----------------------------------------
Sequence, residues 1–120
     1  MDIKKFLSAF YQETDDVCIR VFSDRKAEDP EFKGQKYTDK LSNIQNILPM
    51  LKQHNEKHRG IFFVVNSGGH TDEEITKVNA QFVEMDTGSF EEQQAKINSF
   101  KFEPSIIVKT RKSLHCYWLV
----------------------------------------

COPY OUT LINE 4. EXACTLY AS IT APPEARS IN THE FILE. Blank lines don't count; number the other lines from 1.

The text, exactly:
   101  KFEPSIIVKT RKSLHCYWLV